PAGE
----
In human tuberculosis, the importance of interferon-γ is clear. Individuals who lack the ability to produce interferon-γ on a genetic basis, or who cannot respond to it or lack the receptor for it, are susceptible to severe systemic infection with mycobacterial species that do not usually cause significant disease in immunocompetent individuals [41,42]. In humans with pulmonary tuberculosis, we have shown  that a lymphocytic alveolitis characterized by significant local production of interferon-γ is associated with clinically and radiographically mild disease, whereas patients who do not mount this type of response are much more likely to have sputum smear-positive, cavitary disease. In addition, when exogenous interferon-γ was administered by aerosol to a group of patients with multidrug-resistant tuberculosis who had failed medical therapy, clinical and radiographic improvement was consistently noted . The improvement seemed to persist only as long as the course of treatment.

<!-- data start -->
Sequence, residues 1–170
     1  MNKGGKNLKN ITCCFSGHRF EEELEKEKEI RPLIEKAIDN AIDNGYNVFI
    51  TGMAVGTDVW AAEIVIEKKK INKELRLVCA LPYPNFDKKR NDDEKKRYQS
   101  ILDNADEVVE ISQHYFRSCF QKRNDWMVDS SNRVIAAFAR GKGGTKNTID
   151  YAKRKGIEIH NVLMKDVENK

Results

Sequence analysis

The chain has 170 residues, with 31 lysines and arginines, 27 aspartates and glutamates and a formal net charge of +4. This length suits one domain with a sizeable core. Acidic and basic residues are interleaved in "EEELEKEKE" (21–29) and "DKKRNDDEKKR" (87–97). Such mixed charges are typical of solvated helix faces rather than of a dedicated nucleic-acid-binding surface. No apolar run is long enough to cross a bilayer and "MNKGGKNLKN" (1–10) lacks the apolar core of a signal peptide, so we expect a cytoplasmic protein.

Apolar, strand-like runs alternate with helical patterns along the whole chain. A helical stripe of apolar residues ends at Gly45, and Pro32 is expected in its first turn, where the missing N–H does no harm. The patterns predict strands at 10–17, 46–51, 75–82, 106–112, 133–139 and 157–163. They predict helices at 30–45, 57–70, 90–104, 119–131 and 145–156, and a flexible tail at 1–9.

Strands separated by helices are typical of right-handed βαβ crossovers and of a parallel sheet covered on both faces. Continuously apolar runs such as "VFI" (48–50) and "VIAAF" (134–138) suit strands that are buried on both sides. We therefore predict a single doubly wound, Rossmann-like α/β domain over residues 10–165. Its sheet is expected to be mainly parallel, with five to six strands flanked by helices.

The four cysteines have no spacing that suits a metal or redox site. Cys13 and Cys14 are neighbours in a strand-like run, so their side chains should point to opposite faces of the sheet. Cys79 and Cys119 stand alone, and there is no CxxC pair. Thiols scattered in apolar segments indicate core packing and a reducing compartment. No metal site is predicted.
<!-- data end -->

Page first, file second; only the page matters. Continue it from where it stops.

Because an interferon-γ-producing Th1 response is clearly crucial in effective tuberculosis host defense, the generation and maintenance of such a response has generated considerable interest. It is in the generation of this response that the keys to understanding and development of an effective vaccine are likely to be hidden. Recent studies using Leishmania major (an intracellular pathogen that is controlled by a Th1 response in a manner similar to that for tuberculosis) as a model pathogen have implicated the involvement of some key cytokines and antigens . In a murine model of leishmaniasis, it appears that only certain L major antigens (in this instance a protein termed Leishmania homolog of receptors for activated C-kinase [LACK]) are capable of stimulating protective immunity when given in the form of a DNA vaccine before challenge with live pathogen. In addition, LACK DNA vaccination alone does not confer protective immunity; a persistent source of interleukin-12 was also required to establish a Th1-type protective immune response. Interleukin-12 has previously and definitely been shown to be a potent inducer of interferon-γ from many different cell types.